IT WAS Wednesday, October 8, 2015, and 20-year-old Kate Henry was driving home to Dalby.
Just outside of Kingsthorpe, Kate approached the intersection of Kingsthorpe-Haden Rd and Yalangur-Lillyvale Rd - a known "hotspot" for traffic accidents.
According to police reports, Kate failed to stop at the stop sign and, at approximately 12.30pm, Kate's vehicle collided with a Land Cruiser driving in a northerly direction.
Kate suffered a broken neck and head and chest injuries. She died instantly.
Today is Fatality Free Friday - a national road safety initiative by the Australian Road Safety Foundation (ARSF) that aims to stem the road toll for just one day.
It's a day to highlight the importance of making safe decisions on the roads and urging loved ones to do the same.
According to ARSF, there were 1209 people who lost their lives on Australian roads in 2015 - Kate was one of them.
Last year, the figures climbed even higher - there were 1300 people who never made it home alive. Of those, 252 were the lives of fellow Queenslanders.
FATALITY FREE FRIDAY TIPS
- Always be fit to drive
- Stay focused on the road
- Scan the road ahead
- Keep a safe distance
- Drive to suit the conditions
ARSF founder and CEO Russell White said drivers need to remain aware of all the risks involved with driving a vehicle, especially in rural areas where the roads may not always be "five-star quality".
"There has been an increase in the number of fatalities so it's a worrying sign," Mr White said.
"Every decision made on or around the road can be the difference between life and death. We need to create a culture where every individual actively seeks to avoid risks ... behind the wheel," Mr White said.
"The challenge with Australia is the sheer size of the place, and the geography that's involved means it's highly unlikely that we'll ever have five-star roads anywhere. When that happens, it comes back to driver education and how drivers manage that situation.
"If the road dictates a different level of driver interaction or speed limit, then it's up to the driver to make that call," he said.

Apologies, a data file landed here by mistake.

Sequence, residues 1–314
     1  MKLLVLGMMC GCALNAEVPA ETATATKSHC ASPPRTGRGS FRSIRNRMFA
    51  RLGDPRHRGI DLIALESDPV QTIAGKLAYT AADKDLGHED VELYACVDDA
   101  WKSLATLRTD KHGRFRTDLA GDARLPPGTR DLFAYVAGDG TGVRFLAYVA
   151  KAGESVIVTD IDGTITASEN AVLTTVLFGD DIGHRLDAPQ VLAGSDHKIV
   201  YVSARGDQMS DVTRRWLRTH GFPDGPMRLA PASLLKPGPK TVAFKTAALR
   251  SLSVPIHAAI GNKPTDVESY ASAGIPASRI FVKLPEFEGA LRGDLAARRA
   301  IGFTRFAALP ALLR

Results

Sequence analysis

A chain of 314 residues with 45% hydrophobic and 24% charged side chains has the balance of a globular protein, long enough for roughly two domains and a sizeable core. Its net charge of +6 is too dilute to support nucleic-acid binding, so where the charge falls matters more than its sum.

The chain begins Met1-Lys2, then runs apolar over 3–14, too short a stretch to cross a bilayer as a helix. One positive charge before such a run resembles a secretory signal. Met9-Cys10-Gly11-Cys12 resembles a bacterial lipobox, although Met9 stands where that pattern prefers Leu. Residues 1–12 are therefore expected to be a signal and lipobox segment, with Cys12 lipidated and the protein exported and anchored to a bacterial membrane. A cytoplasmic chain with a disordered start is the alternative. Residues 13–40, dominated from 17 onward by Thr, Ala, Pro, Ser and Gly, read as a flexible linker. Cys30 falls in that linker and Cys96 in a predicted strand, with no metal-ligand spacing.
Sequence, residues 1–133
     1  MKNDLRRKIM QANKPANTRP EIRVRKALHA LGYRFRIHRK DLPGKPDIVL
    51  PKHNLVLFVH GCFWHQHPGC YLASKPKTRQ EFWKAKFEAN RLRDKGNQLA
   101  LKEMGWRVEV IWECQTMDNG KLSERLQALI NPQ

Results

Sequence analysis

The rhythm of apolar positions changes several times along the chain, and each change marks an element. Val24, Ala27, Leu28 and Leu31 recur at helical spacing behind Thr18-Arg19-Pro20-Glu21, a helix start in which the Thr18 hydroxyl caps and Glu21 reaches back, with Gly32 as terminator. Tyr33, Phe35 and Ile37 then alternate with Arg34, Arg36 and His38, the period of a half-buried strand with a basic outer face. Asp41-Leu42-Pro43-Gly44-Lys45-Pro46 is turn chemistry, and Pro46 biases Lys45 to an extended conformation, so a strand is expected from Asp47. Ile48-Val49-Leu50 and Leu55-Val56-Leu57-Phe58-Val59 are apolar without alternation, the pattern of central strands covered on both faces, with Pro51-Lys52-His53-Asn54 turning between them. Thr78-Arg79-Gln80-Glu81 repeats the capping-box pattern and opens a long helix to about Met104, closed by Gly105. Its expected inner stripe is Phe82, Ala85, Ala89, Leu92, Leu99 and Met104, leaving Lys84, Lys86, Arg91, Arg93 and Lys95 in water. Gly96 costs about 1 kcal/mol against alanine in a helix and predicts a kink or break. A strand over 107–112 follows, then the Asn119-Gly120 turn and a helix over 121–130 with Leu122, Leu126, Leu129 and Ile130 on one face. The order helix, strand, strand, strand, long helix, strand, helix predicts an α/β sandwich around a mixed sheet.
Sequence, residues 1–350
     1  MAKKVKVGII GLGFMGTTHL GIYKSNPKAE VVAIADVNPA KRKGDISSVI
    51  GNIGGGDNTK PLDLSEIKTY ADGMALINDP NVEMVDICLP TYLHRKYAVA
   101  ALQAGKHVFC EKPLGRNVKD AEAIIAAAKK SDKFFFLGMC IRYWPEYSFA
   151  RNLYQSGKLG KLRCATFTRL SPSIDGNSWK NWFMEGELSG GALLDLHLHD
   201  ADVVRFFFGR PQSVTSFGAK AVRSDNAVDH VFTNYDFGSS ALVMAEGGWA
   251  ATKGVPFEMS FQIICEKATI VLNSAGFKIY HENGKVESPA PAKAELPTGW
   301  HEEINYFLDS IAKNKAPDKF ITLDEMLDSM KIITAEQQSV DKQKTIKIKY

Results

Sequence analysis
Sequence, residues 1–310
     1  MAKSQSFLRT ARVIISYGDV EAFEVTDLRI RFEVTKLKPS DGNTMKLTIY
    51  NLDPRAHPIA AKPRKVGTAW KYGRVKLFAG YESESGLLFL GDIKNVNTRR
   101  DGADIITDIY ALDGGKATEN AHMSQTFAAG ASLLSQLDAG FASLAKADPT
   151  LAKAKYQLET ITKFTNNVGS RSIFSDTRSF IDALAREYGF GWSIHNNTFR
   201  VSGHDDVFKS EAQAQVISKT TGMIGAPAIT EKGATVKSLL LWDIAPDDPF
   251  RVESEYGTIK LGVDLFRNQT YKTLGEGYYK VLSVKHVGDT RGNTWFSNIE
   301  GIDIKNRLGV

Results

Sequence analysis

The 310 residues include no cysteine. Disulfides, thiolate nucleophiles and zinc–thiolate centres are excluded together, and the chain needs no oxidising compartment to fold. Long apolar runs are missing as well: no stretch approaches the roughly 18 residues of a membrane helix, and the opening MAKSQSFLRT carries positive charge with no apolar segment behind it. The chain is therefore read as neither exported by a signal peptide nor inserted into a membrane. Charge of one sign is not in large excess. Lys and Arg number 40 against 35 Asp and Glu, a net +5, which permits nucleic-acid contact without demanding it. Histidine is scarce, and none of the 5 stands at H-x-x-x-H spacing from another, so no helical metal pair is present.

Kate's mother Marg Henry has spoken about her loss in the hope she can help prevent one more family having to endure the same grief they are now living with.
"We are missing her more and more as each day goes by. You just don't expect it to happen to your family," she said.
Kate was so much more than a statistic. Kate was a loving sister and daughter, a talented performer, and a fierce, fierce friend.
She loved to write, and was studying justice and creative writing at USQ before she passed away.
Kate was a fan of NRL and could often be found watching late-night games to keep track of the scores.
She played the Wicked Witch in Dalby State High School's production of The Wizard of Oz, and had a witch cackle that had everyone speechless.
Mrs Henry said when her daughter earned her provisional license, Kate loved the freedom of driving around and exploring the countryside.
"Kate would often turn a drive from Brisbane into a six-hour journey by travelling through Esk," Mrs Henry said, fondly.
"She just loved to drive.
"We need to be aware that it is a privilege to be on the road, and to give driving our utmost attention," Mrs Henry said.
"Vehicles can have a lot of distractions inside them, (but) when we are the driver, we are responsible for getting to our destination safely.
"Every time I go to Toowoomba I look to the mountains past Oakey, and I think of Kate," she said.
"Every intersection I come to, I stop and look, and I think of her."
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